The executive order and anti-monument sentiment is “absurd,” said Garrett VeneKlasen, executive director of the New Mexico Wildlife Federation. “It’s fear-mongering and it’s misinformation,” he said.

VeneKlasen has a dog in the game, in part because sportsmen were the driving force to include some of the lands beyond those included in Pearce’s proposal, he said, which only included the Organ Peaks, the picturesque and jagged mountain range that frames the city of Las Cruces on its east side. Sportsmen also wanted the federal government to protect areas like the Uvas Mountains, home to game animals like mule deer and javelina, from development.

He also pointed out that while the monument is protected from future development, it’s still as accessible as it always was. “I can still drive my truck, or an ATV, on designated routes, to go hunting,” he said.

“It’s important for people to realize that monuments in other states are all our monuments,” he said. “Bears Ears and Browns Canyon [in Colorado] are just as important as Organ Mountains-Desert Peaks Monument. These are our children’s monuments.”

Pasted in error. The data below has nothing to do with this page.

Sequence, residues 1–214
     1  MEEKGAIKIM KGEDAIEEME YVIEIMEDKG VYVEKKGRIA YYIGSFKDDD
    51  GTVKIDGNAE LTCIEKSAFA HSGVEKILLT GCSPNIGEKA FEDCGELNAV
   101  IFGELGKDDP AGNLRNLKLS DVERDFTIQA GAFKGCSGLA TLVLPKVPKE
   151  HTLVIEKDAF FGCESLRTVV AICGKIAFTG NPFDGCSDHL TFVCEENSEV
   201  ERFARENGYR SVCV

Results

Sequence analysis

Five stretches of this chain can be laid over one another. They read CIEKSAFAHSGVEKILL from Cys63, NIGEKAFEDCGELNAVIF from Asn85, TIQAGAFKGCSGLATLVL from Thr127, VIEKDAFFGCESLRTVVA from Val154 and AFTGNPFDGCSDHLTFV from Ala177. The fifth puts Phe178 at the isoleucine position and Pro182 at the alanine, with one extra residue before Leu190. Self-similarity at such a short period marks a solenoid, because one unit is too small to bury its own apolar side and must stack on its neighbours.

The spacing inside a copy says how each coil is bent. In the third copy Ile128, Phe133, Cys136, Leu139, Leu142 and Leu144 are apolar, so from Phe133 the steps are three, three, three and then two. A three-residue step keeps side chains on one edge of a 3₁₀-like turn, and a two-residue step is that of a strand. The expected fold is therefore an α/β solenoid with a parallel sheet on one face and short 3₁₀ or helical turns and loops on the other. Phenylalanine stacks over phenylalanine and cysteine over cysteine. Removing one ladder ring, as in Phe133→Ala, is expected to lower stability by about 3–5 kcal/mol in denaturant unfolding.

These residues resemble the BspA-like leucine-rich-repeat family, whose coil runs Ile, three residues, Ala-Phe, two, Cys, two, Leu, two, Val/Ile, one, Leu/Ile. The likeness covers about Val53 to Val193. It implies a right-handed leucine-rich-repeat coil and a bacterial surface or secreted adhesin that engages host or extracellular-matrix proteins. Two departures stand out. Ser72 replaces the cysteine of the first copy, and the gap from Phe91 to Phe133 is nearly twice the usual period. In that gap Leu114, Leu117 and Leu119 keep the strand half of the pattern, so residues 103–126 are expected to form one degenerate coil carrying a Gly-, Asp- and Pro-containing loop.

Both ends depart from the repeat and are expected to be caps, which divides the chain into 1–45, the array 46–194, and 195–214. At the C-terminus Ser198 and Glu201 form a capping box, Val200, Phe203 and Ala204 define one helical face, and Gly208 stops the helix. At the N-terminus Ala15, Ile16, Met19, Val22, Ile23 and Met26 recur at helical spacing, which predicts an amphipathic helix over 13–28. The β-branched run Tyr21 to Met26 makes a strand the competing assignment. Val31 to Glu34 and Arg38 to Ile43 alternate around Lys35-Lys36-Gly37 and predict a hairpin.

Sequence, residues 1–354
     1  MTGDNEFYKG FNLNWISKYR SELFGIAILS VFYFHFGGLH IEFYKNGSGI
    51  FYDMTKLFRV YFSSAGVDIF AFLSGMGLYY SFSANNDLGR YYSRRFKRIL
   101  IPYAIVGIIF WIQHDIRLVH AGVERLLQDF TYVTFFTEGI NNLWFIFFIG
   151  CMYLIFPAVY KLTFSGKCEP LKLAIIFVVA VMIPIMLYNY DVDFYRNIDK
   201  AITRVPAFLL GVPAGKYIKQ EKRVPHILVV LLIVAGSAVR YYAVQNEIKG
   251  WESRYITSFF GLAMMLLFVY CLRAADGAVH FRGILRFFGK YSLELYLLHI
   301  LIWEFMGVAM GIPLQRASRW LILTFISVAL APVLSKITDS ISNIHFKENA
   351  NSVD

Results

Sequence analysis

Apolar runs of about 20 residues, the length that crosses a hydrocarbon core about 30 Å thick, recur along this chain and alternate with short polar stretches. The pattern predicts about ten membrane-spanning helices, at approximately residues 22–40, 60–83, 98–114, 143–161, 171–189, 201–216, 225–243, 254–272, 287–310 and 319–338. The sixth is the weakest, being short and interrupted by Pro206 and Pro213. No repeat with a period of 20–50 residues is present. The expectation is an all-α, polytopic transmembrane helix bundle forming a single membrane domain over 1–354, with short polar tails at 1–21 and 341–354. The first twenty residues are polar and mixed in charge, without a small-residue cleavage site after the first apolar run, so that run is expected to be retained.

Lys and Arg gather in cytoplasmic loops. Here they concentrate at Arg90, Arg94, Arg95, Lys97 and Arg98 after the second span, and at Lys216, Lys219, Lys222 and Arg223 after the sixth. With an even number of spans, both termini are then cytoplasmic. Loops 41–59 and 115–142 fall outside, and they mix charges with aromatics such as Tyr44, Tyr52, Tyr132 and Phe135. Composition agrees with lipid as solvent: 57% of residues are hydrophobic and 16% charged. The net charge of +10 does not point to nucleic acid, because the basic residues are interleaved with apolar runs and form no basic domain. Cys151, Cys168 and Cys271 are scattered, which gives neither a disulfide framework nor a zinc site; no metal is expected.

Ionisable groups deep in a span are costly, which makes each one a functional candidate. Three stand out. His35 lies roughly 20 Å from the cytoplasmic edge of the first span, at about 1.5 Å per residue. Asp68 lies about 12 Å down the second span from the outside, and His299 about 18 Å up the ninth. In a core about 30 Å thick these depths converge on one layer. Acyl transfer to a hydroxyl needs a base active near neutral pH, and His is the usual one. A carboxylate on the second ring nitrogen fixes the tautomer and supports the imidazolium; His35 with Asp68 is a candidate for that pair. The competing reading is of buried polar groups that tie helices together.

Trump’s executive order may not rest on solid legal ground. The Antiquities Act gives presidents the authority to designate national monuments. But no law gives presidents the ability to modify or revoke national monuments, said Mark Squillace, professor at the University of Colorado Law School.

Zinke: review was “long overdue”

Scott Wilson, courtesy USDOI

U.S. Secretary of the Interior Ryan Zinke. https://www.doi.gov/pressreleases/ryan-zinke-sworn-52nd-secretary-interior

During a Tuesday afternoon press briefing, Zinke called the directive to review of Antiquities Act designations from the past two decades “long overdue.” He also said Trump’s order would restore trust between local communities and Washington D.C.

Zinke has repeatedly called himself as a “Teddy Roosevelt Republican,” referring to himself as a conservationist. And he stuck to that during the press conference: